Fans in raptures over dramatic ‘Twilight’ finale

Smouldering: former partners Kristen Stewart and Robert Pattinson star in ‘Breaking Dawn: Part 2’.

The final ‘Twilight’ film has taken $341 million in its opening weekend, and left teenage audiences gushing with praise. What made this vampire love story such a sensation?

This week is a bittersweet occasion for ‘Twihards’. The new Twilight film has finally arrived, and fans are breathless with praise. ‘The best one of them all,’ one Twitter user said. ‘Absolutely incredibly amazing,’ gushed another.

But with this euphoria comes the bitter knowledge that this is the end. Breaking Dawn: Part 2 is the final instalment in a series that has gathered a following as large and devoted as that of Star Wars. And most of these fans are teenage girls.

What is it about Twilight that teenagers so adore? There is gothic drama, intrigue and plenty of action – at one point in this film, the heroine kills a mountain lion with her teeth and sucks it dry. But above all, Twilight is a tale of teenage love and sexual desire.

Vampires have been associated with sexuality ever since at least 1819, when John Polidori took a feral monster popular in European folklore and reinvented it as a handsome, mysterious nobleman. In Polidori’s The Vampyre, Ruthven easily seduces the innocent women he encounters – then he kills them and drains their blood. The moral is clear: women, beware of suave strangers.

The vampire as a sexual predator became a recurring theme in gothic literature. In Bram Stoker’s Dracula, the iconic villain hypnotises his virginal victims, rendering them unable to resist his advances.

Today, vampires have evolved from their 19th Century aristocratic roots. But the modern mythology is still thick with sexual metaphors. When Buffy the Vampire Slayer was aired, for instance, many critics saw in it a tale of teenagers grappling with adolescent feelings – though Buffy herself was far removed from the meek and pliant heroines of gothic fiction.

In Twilight, sex is right on the surface. Bella wants to consummate her relationship with Edward, but he refuses, fearing that he will be unable to resist drinking her blood once his passions are aroused. Only once the two are married does he consent – and even then, sex is portrayed as fraught with perils.

Sexed up

Quite right too, many say. Since writers and filmmakers insist on exposing teenagers to sex, they have a duty to warn them of the risks it involves. At a time when the media is swarming with bad examples, the young couple in Twilight are a beacon of responsibility and restraint.

But others worry that these films teach all the wrong lessons. In Twilight, sex is a dark temptation, perilous even in the most stable relationship. That is deeply unhelpful, they say. If young people are to grow up with a healthy attitude, they must be taught to feel comfortable with their sexuality – not to fear it.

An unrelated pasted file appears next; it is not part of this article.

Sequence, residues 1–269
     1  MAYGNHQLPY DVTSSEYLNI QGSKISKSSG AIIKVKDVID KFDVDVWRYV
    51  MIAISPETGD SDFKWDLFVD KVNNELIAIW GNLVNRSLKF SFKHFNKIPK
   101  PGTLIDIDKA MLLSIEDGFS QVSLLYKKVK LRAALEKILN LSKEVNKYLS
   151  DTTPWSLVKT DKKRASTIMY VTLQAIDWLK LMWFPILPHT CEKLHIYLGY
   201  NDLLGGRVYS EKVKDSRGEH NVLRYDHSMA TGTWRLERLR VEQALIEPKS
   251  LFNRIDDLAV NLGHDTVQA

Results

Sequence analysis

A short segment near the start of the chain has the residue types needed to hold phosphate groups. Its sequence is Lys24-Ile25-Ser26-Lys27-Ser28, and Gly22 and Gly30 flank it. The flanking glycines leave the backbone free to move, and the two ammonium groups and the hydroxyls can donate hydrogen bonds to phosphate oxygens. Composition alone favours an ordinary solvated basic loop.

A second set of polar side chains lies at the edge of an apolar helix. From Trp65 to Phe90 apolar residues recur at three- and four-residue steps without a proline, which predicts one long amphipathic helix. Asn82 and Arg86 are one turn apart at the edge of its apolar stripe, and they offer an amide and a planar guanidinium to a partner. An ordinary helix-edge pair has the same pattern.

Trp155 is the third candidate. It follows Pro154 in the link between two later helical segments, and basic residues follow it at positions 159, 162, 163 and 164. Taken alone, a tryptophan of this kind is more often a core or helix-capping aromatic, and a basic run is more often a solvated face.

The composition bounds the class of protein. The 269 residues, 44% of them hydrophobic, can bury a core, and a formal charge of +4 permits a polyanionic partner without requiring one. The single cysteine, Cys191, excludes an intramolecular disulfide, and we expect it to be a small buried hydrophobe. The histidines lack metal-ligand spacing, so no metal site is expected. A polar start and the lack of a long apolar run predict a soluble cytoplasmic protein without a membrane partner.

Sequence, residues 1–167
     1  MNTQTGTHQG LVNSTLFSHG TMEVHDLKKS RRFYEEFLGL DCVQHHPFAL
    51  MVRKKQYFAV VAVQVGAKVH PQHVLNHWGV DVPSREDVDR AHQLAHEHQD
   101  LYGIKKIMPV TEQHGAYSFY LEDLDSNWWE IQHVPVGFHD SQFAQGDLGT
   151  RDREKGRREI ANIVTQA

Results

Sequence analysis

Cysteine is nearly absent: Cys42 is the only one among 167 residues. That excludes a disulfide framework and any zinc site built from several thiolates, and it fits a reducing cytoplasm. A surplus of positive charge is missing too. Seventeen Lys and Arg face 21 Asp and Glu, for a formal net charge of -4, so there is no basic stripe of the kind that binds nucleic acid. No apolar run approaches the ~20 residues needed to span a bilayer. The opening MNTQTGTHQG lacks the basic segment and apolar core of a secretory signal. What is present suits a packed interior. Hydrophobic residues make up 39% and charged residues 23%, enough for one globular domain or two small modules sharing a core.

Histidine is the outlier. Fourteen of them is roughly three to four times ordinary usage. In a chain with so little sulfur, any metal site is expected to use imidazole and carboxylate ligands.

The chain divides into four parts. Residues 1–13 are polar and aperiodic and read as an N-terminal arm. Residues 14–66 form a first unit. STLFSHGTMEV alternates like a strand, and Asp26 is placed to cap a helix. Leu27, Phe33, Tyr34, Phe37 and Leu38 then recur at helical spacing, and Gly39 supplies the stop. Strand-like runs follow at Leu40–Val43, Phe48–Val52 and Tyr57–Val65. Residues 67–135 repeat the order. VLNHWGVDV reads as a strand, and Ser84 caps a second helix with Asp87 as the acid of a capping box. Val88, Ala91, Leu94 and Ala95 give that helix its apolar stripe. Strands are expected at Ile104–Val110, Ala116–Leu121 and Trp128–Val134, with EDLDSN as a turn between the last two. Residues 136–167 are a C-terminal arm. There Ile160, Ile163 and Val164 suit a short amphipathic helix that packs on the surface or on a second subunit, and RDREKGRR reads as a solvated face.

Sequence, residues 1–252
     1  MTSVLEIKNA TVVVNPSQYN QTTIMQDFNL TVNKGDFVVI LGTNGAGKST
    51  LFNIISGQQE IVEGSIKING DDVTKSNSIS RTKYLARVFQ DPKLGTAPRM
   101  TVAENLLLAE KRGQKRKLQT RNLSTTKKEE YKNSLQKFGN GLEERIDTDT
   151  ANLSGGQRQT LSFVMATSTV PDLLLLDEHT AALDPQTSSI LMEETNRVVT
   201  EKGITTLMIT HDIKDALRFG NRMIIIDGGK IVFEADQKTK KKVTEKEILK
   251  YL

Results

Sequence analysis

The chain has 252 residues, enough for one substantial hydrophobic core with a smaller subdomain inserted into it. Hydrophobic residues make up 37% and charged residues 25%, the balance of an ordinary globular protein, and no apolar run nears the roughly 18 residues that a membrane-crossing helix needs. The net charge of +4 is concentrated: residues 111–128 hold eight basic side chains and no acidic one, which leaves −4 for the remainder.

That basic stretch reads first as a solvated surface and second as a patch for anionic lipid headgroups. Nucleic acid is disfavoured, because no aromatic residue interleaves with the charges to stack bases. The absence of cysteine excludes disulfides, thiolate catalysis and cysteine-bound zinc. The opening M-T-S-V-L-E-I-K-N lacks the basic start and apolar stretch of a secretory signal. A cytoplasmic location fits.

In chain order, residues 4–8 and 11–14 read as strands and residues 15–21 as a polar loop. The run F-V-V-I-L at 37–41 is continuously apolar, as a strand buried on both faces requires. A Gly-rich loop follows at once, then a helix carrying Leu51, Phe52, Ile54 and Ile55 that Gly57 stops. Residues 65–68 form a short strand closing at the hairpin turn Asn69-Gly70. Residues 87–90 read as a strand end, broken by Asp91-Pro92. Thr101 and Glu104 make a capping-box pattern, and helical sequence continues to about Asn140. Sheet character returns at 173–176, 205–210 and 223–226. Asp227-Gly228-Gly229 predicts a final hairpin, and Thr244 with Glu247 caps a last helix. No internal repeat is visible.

You Decide

  1. Are Edward and Bella good role models?
  2. At what age should people be exposed to discussions of sex?


  1. Write a short story about vampires.
  2. Pick a vampire you know from a film, book or TV series, and write a character analysis. What do you think she or he represents? What sorts of attitudes does this reveal?

Some People Say...

“I never want to see another vampire film in my life.”

What do you think?

Q & A

Who cares about vampire morality? It’s just a fantasy!
But fantasies can be very revealing. Bram Stoker’sDracula, for instance, was published when many Eastern Europeans, many of them Jewish, were arriving in the British Isles. Dracula is himself Romanian. Could the story reflect xenophobic anxieties about immigration? Many academics think so.
But does that actually make any difference to the real world?
As well as reflecting our attitudes, fiction can also change the way we perceive things. In a recent study, students were given a variety of TV thrillers to watch. Those who were assigned shows with strong heroines, such asBuffy, showed less negative attitudes towards women than viewers of series in which the women were simply victims. Researchers named this the ‘Buffy effect’.

Word Watch

This name was initially coined to mock obsessive fans of the Twilight series. But those fans have responded by adopting the nickname for themselves.
John Polidori
One day in 1816 four English bohemians were staying in a Swiss villa. Since it was raining outside, the company decided to spend the evening telling ghost stories. Three of them were great romantic authors: Lord Byron, Percy Shelley and his soon-to-be wife Mary. The fourth was their friend John Polidori, a physician. In that one evening (or so the story goes) two of the most influential inventions in the horror genre were born: Mary Shelley went on to write Frankenstein, while Polidori created the modern vampire.
Feral monster
In Central European folklore, vampires (or ‘strigoi’) were the reawakened bodies of people who had been evil. They were not smooth, seductive, human-like creatures, but ravening beasts who would maul and devour their victims.
Once the two are married
The Twilight films are based on a series of books written by Stephenie Meyer. Meyer is a Mormon, and her religious values are widely thought to have influenced the novels: Twilight is often described as an argument for abstinence.

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